- Axel Schmidt/Reuters
The head of the Office of Government Ethics – the government body which provides ethics oversight of the White House and executive branch – abruptly resigned Thursday.
Walter Shaub, who was appointed to lead OGE by President Barack Obama in 2013, resigned with roughly six months remaining in his five-year term.
Shaub posted the resignation letter he sent to President Donald Trump on his Twitter page. The resignation is effective July 19.
“The great privilege and honor of my career has been to lead OGE’s staff and the community of ethics officials in the federal executive branch,” Shaub wrote. “They are committed to protecting the principle that public service is a public trust, requiring employees to place loyalty to the Constitution, the laws, and ethical principles above private gain. I am grateful for the efforts of this dedicated and patriotic assembly of public servants, and I am proud to have served with them.”
Shaub told NPR Thursday that “the current situation has made it clear that the ethics program needs to be stronger than it is. At the Campaign Legal Center, I’ll have more freedom to push for reform. I’ll also be broadening my focus to include ethics issues at all levels of government.”
Shaub did not expand on his thoughts related to the “current situation.”
During Trump’s first few months in office, Shaub has been sharply critical of both the president and his administration’s ethical quandaries.
The OGE pushed Trump to fully divest from his businesses ahead of taking office and placing his assets into a blind trust, a move Trump subsequently did not make. He instead opted to put his businesses under the control of his two sons, Eric and Donald Jr., and a senior Trump Organization executive. Shaub criticized this plan during a speech at the Brookings Institution prior to Trump’s inauguration, saying it “doesn’t meet the standards that the best of his nominees are meeting and that every president in the past four decades has met.”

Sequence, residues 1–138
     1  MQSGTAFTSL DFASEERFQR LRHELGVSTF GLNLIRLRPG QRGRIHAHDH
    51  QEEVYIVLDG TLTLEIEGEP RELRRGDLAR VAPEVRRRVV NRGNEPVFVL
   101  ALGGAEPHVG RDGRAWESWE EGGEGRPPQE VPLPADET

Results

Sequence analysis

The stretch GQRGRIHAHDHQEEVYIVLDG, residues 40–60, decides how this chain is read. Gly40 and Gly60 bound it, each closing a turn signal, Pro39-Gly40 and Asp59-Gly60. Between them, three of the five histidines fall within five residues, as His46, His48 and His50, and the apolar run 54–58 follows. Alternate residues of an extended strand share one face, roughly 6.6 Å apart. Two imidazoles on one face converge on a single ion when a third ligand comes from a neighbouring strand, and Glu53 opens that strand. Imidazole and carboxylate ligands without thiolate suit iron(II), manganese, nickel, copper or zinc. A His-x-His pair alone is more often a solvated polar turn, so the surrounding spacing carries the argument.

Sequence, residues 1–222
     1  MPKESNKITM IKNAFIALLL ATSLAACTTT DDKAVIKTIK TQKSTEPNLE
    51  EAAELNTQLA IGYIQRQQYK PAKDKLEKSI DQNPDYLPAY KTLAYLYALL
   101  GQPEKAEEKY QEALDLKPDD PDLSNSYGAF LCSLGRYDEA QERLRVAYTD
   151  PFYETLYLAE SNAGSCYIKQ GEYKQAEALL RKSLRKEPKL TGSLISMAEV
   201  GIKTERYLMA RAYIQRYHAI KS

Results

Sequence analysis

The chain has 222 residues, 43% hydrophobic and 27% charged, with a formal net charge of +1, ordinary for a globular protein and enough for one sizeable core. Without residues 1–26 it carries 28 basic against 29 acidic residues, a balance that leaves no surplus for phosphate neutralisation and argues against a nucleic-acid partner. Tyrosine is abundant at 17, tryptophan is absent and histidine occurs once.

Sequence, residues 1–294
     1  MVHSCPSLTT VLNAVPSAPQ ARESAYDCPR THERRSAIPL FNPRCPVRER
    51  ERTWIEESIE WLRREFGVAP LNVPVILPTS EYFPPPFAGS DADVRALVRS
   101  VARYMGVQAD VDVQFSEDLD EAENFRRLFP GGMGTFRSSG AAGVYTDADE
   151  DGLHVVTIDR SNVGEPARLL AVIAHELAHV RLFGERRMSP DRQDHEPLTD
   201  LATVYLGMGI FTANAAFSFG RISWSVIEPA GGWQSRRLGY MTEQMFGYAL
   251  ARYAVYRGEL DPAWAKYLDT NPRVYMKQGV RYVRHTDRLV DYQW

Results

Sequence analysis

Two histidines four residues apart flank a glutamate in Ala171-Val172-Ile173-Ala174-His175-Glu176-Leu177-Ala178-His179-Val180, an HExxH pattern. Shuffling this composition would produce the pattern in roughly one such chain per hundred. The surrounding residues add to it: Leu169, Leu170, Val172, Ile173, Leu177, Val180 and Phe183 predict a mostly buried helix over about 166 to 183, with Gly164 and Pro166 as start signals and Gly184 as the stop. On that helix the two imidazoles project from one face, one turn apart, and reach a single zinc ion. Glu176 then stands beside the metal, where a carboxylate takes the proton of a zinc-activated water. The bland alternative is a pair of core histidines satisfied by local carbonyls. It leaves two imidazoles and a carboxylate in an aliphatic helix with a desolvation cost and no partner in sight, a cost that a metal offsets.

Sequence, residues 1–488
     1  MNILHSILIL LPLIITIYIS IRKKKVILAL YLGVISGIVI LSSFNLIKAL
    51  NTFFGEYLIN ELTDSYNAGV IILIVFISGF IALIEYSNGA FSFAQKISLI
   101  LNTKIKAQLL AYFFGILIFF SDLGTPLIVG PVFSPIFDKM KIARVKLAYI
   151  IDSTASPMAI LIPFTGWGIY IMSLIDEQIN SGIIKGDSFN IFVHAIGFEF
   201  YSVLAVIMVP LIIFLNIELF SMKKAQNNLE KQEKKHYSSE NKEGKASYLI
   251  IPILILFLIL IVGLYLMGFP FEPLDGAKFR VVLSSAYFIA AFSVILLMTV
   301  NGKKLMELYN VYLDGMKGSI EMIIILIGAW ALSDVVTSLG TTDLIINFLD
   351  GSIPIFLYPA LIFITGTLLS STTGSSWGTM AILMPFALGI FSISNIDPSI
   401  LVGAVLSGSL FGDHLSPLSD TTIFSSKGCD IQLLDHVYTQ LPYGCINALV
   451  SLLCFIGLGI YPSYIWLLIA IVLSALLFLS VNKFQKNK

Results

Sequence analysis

“His sons are still running the businesses, and, of course, he knows what he owns,” Shaub said.
Shaub has had a fraught relationship with the administration in the months since. He battled Mick Mulvaney, the director of the Office of Management and Budget, to release the ethics waivers of White House employees, a move with which the White House later complied after initially stonewalling. The release of the waivers showed that several top White House officials, such as counselor Kellyanne Conway and chief strategist Steve Bannon, received ethics waivers for certain areas.
Shaub was later critical of Bannon’s waiver, calling it “problematic.”
Shaub will be joining the Campaign Legal Center, a nonpartisan election law organization, following the conclusion of his OGE service.
“Walter Shaub is a good, honest man and I congratulate him on a stellar career and wish him well in his future endeavors,” Senate Minority Leader Chuck Schumer said in a statement. “The next director of the Office of Government Ethics must demonstrate that they are committed to actually draining the swamp and ensuring administration officials are not using their positions for personal gain.”
Whomever Trump appoints to succeed Shaub at OGE will go through a confirmation hearing before the Senate Committee on Homeland Security and Governmental Affairs.
“The next director should also be steadfast in preventing lobbyists and other representatives of special interests from further rigging the system against working families under the cover of darkness, as this administration attempted to do in recent months,” Schumer continued. “Democrats in the Senate look forward to thoroughly examining the President’s nominee for this Senate-confirmable position and working to uphold public trust throughout the democratic process.”
Rep. Elijah Cummings, the ranking Democrat on the House Committee on Oversight and Government Reform, said in a statement that “today is a sad day for the government’s ethics program.” Cummings thanked Shaub “for his many years of dedicated service providing strong, independent, and steady leadership to the Office of Government Ethics, and for his staunch defense of the American people against the recent unprecedented violations of ethical standards by executive branch officials.”
The Maryland Democrat also asked House Oversight chair Trey Gowdy, a South Carolina Republican, to invite Shaub to testify before their committee “about the lessons he has learned while leading OGE, including the need to implement substantive reforms to ensure government officials can never put private gain above the public that they serve.”
The White House did not immediately respond to a request for comment.